People have speculated for centuries about a future without work, and today is no different, with academics, writers, and activists once again warning that technology is replacing human workers. Some imagine that the coming work-free world will be defined by inequality: A few wealthy people will own all the capital, and the masses will struggle in an impoverished wasteland.
A different, less paranoid, and not mutually exclusive prediction holds that the future will be a wasteland of a different sort, one characterized by purposelessness: Without jobs to give their lives meaning, people will simply become lazy and depressed. Indeed, today’s unemployed don’t seem to be having a great time. One Gallup poll found that 20 percent of Americans who have been unemployed for at least a year report having depression, double the rate for working Americans. Also, some research suggests that the explanation for rising rates of mortality, mental-health problems, and addiction among poorly-educated, middle-aged people is a shortage of well-paid jobs. Another study shows that people are often happier at work than in their free time. Perhaps this is why many worry about the agonizing dullness of a jobless future.
Their degrees may help them secure entry-level jobs, but to advance in their careers, they’ll need much more than technical skills.
American undergraduates are flocking to business programs, and finding plenty of entry-level opportunities. But when businesses go hunting for CEOs or managers, “they will say, a couple of decades out, that I’m looking for a liberal arts grad,” said Judy Samuelson, executive director of the Aspen Institute’s Business and Society Program.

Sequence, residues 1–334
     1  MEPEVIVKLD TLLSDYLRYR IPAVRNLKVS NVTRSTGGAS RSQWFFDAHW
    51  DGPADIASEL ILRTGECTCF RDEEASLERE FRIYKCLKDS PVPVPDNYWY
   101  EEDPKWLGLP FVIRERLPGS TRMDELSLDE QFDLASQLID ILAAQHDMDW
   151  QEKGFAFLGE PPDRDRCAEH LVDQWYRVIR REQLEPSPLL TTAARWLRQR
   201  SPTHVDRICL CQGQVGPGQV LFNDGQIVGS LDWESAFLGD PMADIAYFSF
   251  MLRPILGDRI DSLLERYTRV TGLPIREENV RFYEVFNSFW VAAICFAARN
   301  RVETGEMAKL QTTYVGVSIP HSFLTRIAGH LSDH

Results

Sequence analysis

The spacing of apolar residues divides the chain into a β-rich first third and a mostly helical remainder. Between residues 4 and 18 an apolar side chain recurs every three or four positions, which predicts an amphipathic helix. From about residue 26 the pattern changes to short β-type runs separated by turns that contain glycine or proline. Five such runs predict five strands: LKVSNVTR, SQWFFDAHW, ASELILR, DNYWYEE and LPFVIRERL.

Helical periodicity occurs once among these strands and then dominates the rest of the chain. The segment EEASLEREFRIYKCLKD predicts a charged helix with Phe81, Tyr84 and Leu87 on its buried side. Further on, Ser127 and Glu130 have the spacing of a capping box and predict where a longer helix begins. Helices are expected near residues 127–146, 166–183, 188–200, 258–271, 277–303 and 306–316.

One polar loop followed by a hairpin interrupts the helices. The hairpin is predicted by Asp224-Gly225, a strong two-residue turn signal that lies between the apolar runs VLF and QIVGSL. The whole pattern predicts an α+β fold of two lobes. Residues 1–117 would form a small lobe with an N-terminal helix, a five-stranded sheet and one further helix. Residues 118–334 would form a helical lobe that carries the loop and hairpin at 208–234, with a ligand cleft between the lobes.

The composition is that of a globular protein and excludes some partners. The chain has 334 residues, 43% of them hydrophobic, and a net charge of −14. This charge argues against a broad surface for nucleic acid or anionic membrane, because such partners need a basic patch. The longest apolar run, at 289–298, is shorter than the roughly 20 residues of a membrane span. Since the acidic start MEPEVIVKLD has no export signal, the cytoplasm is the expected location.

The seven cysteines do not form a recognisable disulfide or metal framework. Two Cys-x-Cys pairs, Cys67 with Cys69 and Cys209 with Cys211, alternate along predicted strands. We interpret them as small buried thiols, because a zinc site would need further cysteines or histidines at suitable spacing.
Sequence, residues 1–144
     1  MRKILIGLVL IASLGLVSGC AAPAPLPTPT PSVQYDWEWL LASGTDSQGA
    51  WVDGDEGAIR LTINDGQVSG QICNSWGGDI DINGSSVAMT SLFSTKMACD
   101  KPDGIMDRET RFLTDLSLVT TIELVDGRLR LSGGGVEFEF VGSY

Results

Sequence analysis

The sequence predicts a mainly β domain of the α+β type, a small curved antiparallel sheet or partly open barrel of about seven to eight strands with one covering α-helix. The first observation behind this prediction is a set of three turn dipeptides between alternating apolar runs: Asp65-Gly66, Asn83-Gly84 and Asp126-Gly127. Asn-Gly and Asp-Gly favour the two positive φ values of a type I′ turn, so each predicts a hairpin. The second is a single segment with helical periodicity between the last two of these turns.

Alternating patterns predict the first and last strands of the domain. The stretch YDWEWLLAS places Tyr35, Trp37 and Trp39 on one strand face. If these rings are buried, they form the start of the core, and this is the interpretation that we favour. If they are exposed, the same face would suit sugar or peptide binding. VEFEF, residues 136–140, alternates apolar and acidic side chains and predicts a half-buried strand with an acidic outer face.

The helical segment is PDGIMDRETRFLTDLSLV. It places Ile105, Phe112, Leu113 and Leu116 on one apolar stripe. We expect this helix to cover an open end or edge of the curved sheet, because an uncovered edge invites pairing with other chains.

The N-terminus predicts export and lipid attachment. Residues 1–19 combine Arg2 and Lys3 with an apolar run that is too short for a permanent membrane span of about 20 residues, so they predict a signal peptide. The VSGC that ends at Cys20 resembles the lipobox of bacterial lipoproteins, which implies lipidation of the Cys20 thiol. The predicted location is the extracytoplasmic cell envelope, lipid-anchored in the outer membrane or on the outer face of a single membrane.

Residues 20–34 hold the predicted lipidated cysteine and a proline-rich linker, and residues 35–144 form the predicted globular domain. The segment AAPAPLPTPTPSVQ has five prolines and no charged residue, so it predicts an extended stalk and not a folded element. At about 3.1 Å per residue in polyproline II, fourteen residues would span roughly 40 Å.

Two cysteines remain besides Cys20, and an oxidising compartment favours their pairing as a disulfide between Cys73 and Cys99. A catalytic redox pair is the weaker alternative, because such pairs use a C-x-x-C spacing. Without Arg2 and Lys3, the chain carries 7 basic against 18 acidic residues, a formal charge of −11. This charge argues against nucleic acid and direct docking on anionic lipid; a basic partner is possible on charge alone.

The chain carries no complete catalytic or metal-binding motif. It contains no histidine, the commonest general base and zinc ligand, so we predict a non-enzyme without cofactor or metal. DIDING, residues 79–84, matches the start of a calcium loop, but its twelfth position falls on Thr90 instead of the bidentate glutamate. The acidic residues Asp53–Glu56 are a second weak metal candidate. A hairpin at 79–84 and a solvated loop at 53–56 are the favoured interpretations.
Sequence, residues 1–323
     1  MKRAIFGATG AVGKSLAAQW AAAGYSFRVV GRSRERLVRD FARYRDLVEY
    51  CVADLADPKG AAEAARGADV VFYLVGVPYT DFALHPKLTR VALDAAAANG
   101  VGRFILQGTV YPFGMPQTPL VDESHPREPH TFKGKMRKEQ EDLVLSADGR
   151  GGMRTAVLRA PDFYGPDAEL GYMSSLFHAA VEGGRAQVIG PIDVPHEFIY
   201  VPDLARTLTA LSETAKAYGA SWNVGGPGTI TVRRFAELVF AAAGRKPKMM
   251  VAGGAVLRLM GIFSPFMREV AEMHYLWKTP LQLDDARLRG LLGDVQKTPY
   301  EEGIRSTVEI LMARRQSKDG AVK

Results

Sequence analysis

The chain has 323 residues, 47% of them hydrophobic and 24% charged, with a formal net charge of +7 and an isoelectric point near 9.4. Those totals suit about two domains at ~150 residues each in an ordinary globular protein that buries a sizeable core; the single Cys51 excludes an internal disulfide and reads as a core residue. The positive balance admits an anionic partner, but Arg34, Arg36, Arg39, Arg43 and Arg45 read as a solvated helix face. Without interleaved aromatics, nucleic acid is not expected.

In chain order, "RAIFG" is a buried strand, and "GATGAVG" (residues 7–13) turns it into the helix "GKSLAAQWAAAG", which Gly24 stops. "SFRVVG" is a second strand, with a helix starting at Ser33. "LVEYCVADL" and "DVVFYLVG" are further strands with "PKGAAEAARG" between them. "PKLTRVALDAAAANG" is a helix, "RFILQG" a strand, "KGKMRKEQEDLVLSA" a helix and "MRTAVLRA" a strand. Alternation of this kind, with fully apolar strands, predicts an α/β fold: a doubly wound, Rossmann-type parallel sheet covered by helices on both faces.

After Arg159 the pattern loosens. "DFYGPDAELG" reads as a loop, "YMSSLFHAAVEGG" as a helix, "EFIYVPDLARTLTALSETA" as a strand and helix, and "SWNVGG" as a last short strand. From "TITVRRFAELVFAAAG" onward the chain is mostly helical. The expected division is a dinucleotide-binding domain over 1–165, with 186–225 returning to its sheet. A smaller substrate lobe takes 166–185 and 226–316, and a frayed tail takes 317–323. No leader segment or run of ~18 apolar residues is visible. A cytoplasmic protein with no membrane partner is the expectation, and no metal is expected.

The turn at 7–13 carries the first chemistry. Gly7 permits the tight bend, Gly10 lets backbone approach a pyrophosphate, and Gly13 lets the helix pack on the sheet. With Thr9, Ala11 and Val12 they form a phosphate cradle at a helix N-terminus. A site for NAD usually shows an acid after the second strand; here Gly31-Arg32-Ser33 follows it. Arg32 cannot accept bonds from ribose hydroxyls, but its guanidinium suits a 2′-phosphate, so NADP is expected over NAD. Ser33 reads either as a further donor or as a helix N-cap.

That presents a growing challenge to colleges and universities. Students are clamoring for degrees that will help them secure jobs in a shifting economy, but to succeed in the long term, they’ll require an education that allows them to grow, adapt, and contribute as citizens—and to build successful careers. And it’s why many schools are shaking up their curricula to ensure that undergraduate business majors receive something they may not even know they need—a rigorous liberal-arts education.
There are two basic modes of judgment: criticism and praise. The former consists of identifying a subject’s flaws; the latter of noting its merits.
In most settings, criticism tends to dominate. For any idea or book or movie or what have you, the question that people discuss is what’s wrong with it, why it didn’t live up to expectations. Often, one gets the feeling that the criticism isn’t dispensed in an effort to engage with the work but as a demonstration of the critic’s smarts, the implicit argument being that he or she is sharper and more discerning than the work’s creator.
Often, the greater intellectual challenge—as a reader, as a viewer, and as a manager—is to recognize when something is truly great.
The way members of the ‘model minority’ are treated in elite-college admissions could affect race-based standards moving forward.
In his new book, Earning Admission: Real Strategies for Getting Into Highly Selective Colleges, the strategist Greg Kaplan urges Asians not to identify as such on their applications. “Your child should decline to state her background if she identifies with a group that is overrepresented on campus even if her name suggests affiliation,” he advises parents, also referencing Jews. Such tips are increasingly common in the college-advising world; it’s not unusual for consultants, according to The Boston Globe, to urge students to “deemphasize the Asianness” in their resumes or avoid writing application essays about their immigrant parents “coming from Vietnam with $2 in a rickety boat and swimming away from sharks.”